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Major League Community Building with the Junior Service League of St. Augustine

By David Boegaard

St. Augustine, Florida may be the nation's oldest city, but it needs engaged citizens to give it life, preserve what is great, and develop the new. The Junior Service League of St. Augustine, a volunteer women's organization, has worked for three quarters of a century to strengthen the community fabric of St. Augustine. With hard work and a great spirit, they have done much to nurture and preserve this beautiful, historic city.

The Junior Service League of St. Augustine was first started in 1934, as an organization for local women to engage in projects that will benefit the city. The dedicated efforts of the League arise from a sense of responsibility to the city that has provided them with so much. Over the years, the League and the city of St. Augustine have formed an ever-deepening bond. "Each lady in the league has her own story of how St. Augustine has inspired, changed, or aided them in some way," says Junior Service League Communications Chair, Barb Holland. "We show our gratitude by paying it forward."

The Junior Service League has worked to serve the city in numerous ways, from landmark preservation to the organization of social service facilities. Their largest project to date was the restoration of the historic St. Augustine Light-Station, but other major projects include the current efforts to build a Children's Museum, and the creation of a needed family visitation center.

The St. Augustine Light-Station is a lighthouse located at the tip of St. Augustine's port -- the oldest port in the nation. "For 142 years as ships sail into our port the first landmark that they see is the lighthouse; it is the best representation of that heritage," says Holland. The Junior Service League has dedicated themselves to the extensive task of renovating the lighthouse, preserving it as a cultural and historical landmark for future generations.

The project began when the lighthouse was scheduled to be demolished. "At the time, 1980, the keepers' house was owned by the county and the lighthouse belonged to the U.S. Coast Guard," Holland notes. "Both the county and USCG had decided that the light-station no longer served a purpose and to save money they would do away with it." The League stepped in and dedicated 15 years and many thousands of dollars to purchasing the property and renovating it. "Now the story of the lighthouse and all that it represents is shared every day at the St. Augustine Lighthouse & Maritime Museum and we could not be more proud," says Holland.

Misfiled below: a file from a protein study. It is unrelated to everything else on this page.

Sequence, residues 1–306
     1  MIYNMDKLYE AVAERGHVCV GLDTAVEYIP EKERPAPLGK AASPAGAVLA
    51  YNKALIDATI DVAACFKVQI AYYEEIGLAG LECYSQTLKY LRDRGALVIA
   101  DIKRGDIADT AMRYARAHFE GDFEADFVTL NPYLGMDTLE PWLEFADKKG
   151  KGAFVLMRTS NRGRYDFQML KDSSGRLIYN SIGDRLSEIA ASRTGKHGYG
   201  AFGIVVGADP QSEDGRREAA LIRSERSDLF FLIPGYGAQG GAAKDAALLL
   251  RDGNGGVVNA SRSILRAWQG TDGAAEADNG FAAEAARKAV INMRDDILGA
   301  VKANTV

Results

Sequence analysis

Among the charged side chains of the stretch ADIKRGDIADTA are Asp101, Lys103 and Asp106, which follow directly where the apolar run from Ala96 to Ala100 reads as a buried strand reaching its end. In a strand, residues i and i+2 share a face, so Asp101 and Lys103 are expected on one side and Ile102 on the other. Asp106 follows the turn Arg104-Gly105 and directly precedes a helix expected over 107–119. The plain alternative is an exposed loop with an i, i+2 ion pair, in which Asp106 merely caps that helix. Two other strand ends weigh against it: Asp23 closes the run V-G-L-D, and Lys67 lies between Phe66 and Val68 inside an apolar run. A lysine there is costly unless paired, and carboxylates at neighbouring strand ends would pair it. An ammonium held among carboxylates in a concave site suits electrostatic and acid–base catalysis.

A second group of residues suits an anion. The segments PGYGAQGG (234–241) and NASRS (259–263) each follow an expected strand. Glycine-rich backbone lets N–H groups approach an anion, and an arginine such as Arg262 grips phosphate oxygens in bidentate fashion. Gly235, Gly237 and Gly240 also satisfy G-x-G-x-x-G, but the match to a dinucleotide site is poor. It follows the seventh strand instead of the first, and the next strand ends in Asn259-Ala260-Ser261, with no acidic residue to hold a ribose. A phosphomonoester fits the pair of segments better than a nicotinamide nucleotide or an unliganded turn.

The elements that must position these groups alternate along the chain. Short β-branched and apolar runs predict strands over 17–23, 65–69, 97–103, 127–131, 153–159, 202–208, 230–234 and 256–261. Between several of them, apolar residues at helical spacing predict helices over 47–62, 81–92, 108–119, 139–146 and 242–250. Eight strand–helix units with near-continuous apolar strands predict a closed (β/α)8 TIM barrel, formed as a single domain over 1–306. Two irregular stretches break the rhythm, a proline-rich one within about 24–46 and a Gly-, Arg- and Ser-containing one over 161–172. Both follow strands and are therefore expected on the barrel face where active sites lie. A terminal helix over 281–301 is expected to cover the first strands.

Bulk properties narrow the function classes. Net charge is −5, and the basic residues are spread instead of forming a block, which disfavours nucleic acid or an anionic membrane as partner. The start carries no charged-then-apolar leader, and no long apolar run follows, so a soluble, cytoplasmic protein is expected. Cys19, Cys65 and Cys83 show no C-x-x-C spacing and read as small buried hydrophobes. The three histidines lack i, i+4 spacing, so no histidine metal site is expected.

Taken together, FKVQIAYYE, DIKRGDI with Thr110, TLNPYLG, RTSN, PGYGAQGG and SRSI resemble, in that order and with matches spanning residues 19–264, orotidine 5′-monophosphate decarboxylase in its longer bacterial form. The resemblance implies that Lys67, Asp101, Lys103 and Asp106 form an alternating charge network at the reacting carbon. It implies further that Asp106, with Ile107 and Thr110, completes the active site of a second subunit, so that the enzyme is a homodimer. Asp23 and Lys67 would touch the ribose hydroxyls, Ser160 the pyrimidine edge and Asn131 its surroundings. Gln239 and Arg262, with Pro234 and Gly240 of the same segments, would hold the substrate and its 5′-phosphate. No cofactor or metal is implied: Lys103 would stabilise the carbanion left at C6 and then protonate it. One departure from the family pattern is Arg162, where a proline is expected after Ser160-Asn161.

While this sort of public service is typical of the Junior Service League's work, they also engage the community to provide necessary social services, such as the Kids Bridge Family Visitation Center. The Seventh Judicial Circuit brought the need for a coordinated family visitation center to the League's attention in 1997. The region lacked a center where children who had been separated from their families could visit under supervision.

"It was because of the passion of league members that we were able to commit to the project and make it a reality," says Holland with pride. Kids Bridge opened in 2002, says Holland, and "to date it has served over 2,000 families." Today, the Kids Bridge website explains that the center provides "a supervised family visitation center that offers on-site supervised visits, parent exchange services, and several programs and courses to help strengthen families."

Right now, the Junior Service League is focused on bringing TAG! Children's Museum to the St. Augustine region. In order to gain support for this project, they created a "Feel the Wheels" fundraiser. "We invite cars of all different shapes, sizes, and purposes to give kids the opportunity to learn about them," says Holland. With kids getting to see and even touch all kinds of vehicles, including firetrucks and other service vehicles, helicopters, boats, and even the occasional flashing lights, this program is a sure hit with the little ones.

And the men and women who operate the vehicles are present as well, creating a wonderful opportunity for warm appreciation and learning. "By bringing all of these people and vehicles together kids gain a better understanding of the community in which they live," says Holland. As the father of a toddler, I can attest that the kids and adults all to love these events.

In the spirit of care and dedication, the Junior Service League of St. Augustine has continued its tireless work to make St. Augustine a great place. "Our passion for this community is that makes our organization essential," Holland emphasizes. But regardless of their many accomplishments, the League is deeply humble and thankful for the beauty and community of St. Augustine, a city that is worth all the effort, suggests Holland. "All of our past, present, and future projects reflect all that this community has done for us."

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